Human Figure Carrying a Duck
3.5 x 8.5 x 5.75 inches
Probably from Egypt 200-500 CE
Picker Art Gallery, Colgate University, Hamilton, NY

This late antique Egyptian relief is the only relief in the Mayer Collection that features a human figure. Carved in deep relief, the male’s head is depicted in profile view facing the left, while his body is depicted frontally. His muscular left arm is reaching across his body to the right side where his hands hold a long- beaked bird, most likely a duck. This  body position where the body is moving forward and the head is turned back characterizes many of the reliefs in Mayer’s collection. The use of a running drill is evident in the small rounded hole that forms the male’s eye where a thick eyebrow spans across the top. Four holes depict his hair, the artist’s way of defining curly locks perhaps. One hole on the right side of the man’s chest is also visible. Underneath the man’s chest, we can see two indented lines most likely indicating chest muscles.

We see this same attention to detail in the lines indicating the feathers on the duck the man is holding. The duck’s head is turned to the left in profile, while its body is frontal, mimicking the body position of the man. Its long beak is touching the man’s left bicep. Here too, the running drill has been used to indicate the duck’s eye. Framing the right side of the relief, a tall plant form springs upward, its stalk reaching over the ducks as its leaves touch the hair of the male figure. The left side of the relief is badly damaged. It is impossible to identify with certainty what large form was orginially depcted to the left of the figure. To some of us, it looked like a plant form, perhaps similar to the one depicted on 1982.51; others wondered if it was another human figure.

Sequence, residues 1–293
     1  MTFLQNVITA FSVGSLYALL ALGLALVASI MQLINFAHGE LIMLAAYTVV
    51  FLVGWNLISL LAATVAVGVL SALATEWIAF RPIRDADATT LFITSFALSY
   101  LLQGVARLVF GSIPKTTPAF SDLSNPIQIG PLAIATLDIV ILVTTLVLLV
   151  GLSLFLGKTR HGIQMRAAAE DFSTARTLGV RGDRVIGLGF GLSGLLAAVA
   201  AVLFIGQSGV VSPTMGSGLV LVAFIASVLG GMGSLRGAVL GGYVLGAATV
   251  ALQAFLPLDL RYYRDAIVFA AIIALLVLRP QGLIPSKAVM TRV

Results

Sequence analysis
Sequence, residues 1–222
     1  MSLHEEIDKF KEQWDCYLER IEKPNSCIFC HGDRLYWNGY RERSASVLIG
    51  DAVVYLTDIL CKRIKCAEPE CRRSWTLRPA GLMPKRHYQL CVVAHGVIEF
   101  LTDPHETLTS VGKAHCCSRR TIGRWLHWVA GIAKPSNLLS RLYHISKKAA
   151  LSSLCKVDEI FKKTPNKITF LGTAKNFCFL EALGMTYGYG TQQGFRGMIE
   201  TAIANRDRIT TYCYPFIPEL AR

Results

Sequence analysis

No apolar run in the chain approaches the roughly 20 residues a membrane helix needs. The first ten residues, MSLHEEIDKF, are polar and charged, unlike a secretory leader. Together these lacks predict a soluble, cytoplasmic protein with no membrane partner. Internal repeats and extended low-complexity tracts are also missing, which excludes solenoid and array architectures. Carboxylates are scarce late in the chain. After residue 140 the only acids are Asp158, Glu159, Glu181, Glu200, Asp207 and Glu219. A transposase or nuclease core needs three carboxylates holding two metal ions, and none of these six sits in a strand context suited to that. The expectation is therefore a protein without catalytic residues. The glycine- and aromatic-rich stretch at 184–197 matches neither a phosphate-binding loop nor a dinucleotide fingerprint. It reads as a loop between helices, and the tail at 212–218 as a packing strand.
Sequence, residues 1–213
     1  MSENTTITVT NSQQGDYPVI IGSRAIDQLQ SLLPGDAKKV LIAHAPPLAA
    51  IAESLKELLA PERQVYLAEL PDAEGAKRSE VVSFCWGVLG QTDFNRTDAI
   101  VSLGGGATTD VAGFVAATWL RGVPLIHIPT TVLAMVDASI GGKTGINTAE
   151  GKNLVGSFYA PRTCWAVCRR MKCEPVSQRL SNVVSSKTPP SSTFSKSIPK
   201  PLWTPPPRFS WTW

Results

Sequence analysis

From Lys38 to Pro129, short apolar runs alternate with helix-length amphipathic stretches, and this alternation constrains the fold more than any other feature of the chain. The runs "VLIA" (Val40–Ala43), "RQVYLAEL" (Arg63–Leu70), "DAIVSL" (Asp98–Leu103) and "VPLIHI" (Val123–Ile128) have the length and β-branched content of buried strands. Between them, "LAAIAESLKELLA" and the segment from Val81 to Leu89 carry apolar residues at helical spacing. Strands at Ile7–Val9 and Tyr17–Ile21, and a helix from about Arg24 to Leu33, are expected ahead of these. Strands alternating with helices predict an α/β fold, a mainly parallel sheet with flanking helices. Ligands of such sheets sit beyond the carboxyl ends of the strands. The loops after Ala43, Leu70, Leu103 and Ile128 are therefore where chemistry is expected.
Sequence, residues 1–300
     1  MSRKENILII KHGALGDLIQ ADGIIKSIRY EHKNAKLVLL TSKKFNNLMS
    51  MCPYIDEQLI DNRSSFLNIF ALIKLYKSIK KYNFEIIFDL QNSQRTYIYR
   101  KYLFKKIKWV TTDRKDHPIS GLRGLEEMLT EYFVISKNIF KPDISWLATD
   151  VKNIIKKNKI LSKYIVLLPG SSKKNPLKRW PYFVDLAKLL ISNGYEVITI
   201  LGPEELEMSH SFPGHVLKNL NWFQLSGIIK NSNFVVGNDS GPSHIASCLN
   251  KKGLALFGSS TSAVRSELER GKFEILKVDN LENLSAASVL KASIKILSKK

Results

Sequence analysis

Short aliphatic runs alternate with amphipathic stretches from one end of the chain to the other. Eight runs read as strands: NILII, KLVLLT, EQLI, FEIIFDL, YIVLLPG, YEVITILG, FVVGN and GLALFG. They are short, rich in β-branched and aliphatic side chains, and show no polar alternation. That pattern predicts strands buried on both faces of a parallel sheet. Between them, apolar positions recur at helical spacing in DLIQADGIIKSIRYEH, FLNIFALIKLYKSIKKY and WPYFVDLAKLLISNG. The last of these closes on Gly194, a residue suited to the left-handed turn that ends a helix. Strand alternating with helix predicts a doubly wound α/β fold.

Madeline Rankowitz, Class of 2013, Majoring in Art & Art History